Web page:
This book would not have happened without the help of many people in many different ways. The first of them are my PhD supervisors, Professor Chris Wrigley and Dr Nick Baron. Your willingness to very often meet and talk about my research, read whatever I sent you, and provide useful guidance and advice throughout all three years of the PhD, made those three years as rewarding, productive and stress-free as any PhD can possibly be. I must also thank Paul Taillon, my supervisor at Honours and Masters level at the University of Auckland, who read drafts on occasion and remained incredibly supportive even though I was no longer your student and not even in the same country, and my external examiner, Neville Kirk, whose comments on this book helped it to assume its final shape. In all cases I have been given the best possible understanding of what it means to be a historian and I hope that any future students I might supervise will learn as much from me as I have from you.
Without my parents, Julia and Graham, this book would also not have been possible. You provided me with an early love of reading and learning, and instilled in me an interest in current and past events. Without all of those I would not have written this book. Your financial support during my PhD studies made this research possible, and you deserve thanks as well as my love. My friends in New Zealand, and friends I made in Nottingham – Anas, Dominik, Mike, Laura, Maria and Christeena, amongst many others – also kept me sane during the three years and made it such an enjoyable experience. Thanks especially to Michael, Josh, Jeremy and Jou-an, Paula and Philip, and Richard, Julie, Kirk, Claire and Dan, for putting me up on my many trips to London and sharing the odd drink or two. There are too many other people to name here but I thank you all. And finally, to Elizabeth, who demonstrated amazing patience with me during the last several months and kept me going. I love you.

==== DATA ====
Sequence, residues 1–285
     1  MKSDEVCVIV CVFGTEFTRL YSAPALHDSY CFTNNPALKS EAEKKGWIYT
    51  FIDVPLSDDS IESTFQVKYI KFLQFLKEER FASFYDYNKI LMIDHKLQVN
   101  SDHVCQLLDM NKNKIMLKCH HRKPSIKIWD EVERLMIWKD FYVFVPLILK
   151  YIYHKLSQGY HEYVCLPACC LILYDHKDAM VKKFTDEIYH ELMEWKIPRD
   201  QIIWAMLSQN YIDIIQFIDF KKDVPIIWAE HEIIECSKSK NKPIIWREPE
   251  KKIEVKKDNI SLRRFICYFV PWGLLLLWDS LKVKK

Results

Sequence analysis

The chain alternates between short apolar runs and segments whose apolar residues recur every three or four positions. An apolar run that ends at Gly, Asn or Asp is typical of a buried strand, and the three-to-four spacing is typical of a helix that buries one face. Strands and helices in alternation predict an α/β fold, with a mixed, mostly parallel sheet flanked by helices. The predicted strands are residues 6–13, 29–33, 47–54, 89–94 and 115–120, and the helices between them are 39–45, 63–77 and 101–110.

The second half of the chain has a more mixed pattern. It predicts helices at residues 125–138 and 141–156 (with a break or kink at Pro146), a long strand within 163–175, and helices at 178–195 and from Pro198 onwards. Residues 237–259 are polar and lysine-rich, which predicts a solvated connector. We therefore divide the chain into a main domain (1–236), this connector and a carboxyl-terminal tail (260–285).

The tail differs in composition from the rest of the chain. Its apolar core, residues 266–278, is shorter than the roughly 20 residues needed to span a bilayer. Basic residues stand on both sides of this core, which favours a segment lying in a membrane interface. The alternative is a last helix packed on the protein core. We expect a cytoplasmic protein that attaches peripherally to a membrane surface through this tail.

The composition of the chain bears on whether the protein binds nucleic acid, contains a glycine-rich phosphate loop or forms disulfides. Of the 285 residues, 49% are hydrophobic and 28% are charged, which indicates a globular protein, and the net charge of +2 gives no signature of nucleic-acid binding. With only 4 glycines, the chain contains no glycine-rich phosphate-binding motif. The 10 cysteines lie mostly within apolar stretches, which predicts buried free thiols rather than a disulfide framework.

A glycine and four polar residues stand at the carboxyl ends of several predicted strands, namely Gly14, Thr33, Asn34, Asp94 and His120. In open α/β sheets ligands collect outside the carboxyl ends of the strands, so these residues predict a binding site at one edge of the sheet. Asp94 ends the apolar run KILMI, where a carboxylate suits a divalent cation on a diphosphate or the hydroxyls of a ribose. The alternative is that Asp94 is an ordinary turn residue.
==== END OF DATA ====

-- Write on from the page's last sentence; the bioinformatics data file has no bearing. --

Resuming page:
(p.viii) I would also like to thank the Economic History Society, the Society for the Study of Labour History and the Royal Historical Society for providing me with the necessary funds to conduct research in the United States, and the University of Nottingham for providing me with an International Research Excellence Scholarship that allowed me to study in the UK. Thank you as well to the archivists at the Modern Records Centre at Warwick, the Catholic University of America, the British Library, National Library of Scotland, the Library of Congress, and the Local History Centres at Liverpool, Birmingham, Sandwell, Dudley, Wolverhampton, Walsall, and Rotherham, for making the task of research that much easier. Thanks to Valida and Chris Walker for making my stay in Washington DC so enjoyable and productive. Finally, I would like to thank the editors at Liverpool University Press and Alison Welsby in particular for your friendly and efficient help in the preparation of this book. Though this book bears my name, it was only possible because of a wide cast of people. I thank you all once again. (p.ix) (p.x) (p.xi) (p.xii)